The California Department of Toxic Substances Control is behind schedule on the cleanup of thousands of homes and other properties contaminated with lead from the shuttered Exide battery recycling plant in Vernon, a state audit released Tuesday said.
The report by State Auditor Elaine Howle’s office said the state mismanaged the cleanup and will need to spend $390 million more than what it has to finish the job, and faulted state regulators for leaving children in Boyle Heights and other Eastside communities at continued risk of poisoning.
The Los Angeles Times reported that one of most troubling findings in the audit was DTSC’s failure to remove lead-tainted soil from 31 of the 50 properties that it identified at the onset of the cleanup as posing a particularly high risk to children –including 26 child-care centers, two schools and three parks.
“Despite the risk these properties present,” the audit said, DTSC “has cleaned only one of these properties since May 2018.”
Lead contamination is known to cause cancer, developmental disabilities and other neurological damage.
The audit found that at its current pace, the cleanup of the 3,200 worst-contaminated properties will not be finished “until more than one year after the expected completion date” in June 2021, thus “extending the time that residents in the cleanup site are exposed to dangerous levels of lead.”
The report estimated that cleaning all 7,800 contaminated properties within a 1.7 radius of the Exide plant –what has been determined to be the pollution zone – could ultimately approach $650 million. The state has allocated nearly $260 million for the cleanup of the most contaminated of those properties, but DTSC will exhaust that funding with 269 of those properties untouched.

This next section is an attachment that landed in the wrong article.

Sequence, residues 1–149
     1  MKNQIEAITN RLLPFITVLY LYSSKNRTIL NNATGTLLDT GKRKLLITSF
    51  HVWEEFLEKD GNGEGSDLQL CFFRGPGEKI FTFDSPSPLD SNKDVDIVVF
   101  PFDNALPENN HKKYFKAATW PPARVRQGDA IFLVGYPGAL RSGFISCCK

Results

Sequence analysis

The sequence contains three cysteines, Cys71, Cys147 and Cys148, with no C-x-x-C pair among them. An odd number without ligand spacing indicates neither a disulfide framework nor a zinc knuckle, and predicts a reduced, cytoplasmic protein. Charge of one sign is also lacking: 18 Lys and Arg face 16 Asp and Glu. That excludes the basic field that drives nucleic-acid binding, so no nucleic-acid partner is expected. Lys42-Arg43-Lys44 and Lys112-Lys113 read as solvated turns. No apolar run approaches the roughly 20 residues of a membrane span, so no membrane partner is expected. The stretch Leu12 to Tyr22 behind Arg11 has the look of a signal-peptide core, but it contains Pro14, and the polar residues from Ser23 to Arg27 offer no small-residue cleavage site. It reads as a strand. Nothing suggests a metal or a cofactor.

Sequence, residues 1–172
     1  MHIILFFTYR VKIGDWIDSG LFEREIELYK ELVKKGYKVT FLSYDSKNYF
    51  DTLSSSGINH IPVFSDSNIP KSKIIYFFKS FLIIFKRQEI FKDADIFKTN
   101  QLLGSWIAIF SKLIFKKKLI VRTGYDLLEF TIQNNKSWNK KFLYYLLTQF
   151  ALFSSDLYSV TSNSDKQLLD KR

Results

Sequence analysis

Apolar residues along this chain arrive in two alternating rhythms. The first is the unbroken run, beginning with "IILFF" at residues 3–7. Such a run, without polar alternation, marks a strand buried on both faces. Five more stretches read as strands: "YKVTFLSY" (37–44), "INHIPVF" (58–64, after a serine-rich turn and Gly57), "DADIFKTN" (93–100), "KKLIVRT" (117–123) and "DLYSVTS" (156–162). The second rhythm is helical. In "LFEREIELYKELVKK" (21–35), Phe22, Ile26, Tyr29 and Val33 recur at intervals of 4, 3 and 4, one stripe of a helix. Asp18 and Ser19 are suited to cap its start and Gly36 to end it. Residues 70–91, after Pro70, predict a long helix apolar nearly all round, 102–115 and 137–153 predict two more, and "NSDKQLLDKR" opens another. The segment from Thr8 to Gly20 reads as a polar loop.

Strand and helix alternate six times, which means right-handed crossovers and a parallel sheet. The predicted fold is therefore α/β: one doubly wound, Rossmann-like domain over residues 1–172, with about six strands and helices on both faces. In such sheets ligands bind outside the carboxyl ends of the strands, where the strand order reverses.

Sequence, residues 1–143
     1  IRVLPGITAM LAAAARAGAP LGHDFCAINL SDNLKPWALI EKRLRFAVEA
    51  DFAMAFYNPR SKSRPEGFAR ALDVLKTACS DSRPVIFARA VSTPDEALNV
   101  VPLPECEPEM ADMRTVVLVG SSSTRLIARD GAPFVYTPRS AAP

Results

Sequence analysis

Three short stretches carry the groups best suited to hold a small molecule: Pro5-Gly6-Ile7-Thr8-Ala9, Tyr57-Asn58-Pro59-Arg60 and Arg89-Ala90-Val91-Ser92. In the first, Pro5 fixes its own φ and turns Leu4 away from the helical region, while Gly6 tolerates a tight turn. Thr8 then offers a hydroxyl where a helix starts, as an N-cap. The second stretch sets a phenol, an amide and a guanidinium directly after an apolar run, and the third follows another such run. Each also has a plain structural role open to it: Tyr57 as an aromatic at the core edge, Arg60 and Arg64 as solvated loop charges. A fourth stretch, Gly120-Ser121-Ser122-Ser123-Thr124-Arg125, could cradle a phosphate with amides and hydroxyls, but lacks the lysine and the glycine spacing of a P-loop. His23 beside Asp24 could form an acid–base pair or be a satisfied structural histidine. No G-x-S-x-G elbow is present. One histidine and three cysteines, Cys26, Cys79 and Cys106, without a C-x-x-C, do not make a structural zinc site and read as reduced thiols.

There is no plan in place to clean the other 4,600 properties that will remain contaminated, the audit noted.
Assemblyman Miguel Santiago (D-Los Angeles), who requested the audit, said “it is unacceptable that the department will run out of money that the state gave them” and demanded ”DTSC fix their mistakes and create a realistic plan to clean up every single contaminated property.”
In a response letter released with the audit, DTSC Director Meredeith Williams said the department does not have sufficient funds to clean the remaining 4,600 properties, and “without knowing a sustained level of funding, providing people in the community with an end date for the cleanup of their properties is at best a guess.”
Williams said the department has finished more than 2,000 cleanups and is now decontaminating at a rate of 24 properties per week.
The audit was released less than two weeks after a federal bankruptcy court approved a plan by Exide to abandon the Vernon plant and leave the cleanup cost to state taxpayers. California is appealing the decision, though efforts to stop Exide’s exit have been so far unsuccessful.
The Los Angeles Daily News reported that a federal judge’s denial of the state’s emergency motion to stop the bankruptcy forced California to concede to forming an environmental trust, to be formed by Exide and managed by a court-appointed trustee, that will oversee the highly-contaminated Vernon property once Exide is dissolved.
The trust will operate with $30 million –much less than the $70 to $100 million needed to safely demolish and stabilize the property. That money is separate from funds being used to clean up the surrounding properties in Boyle Heights, East Los Angeles, City of Commerce, Maywood and Huntington Park.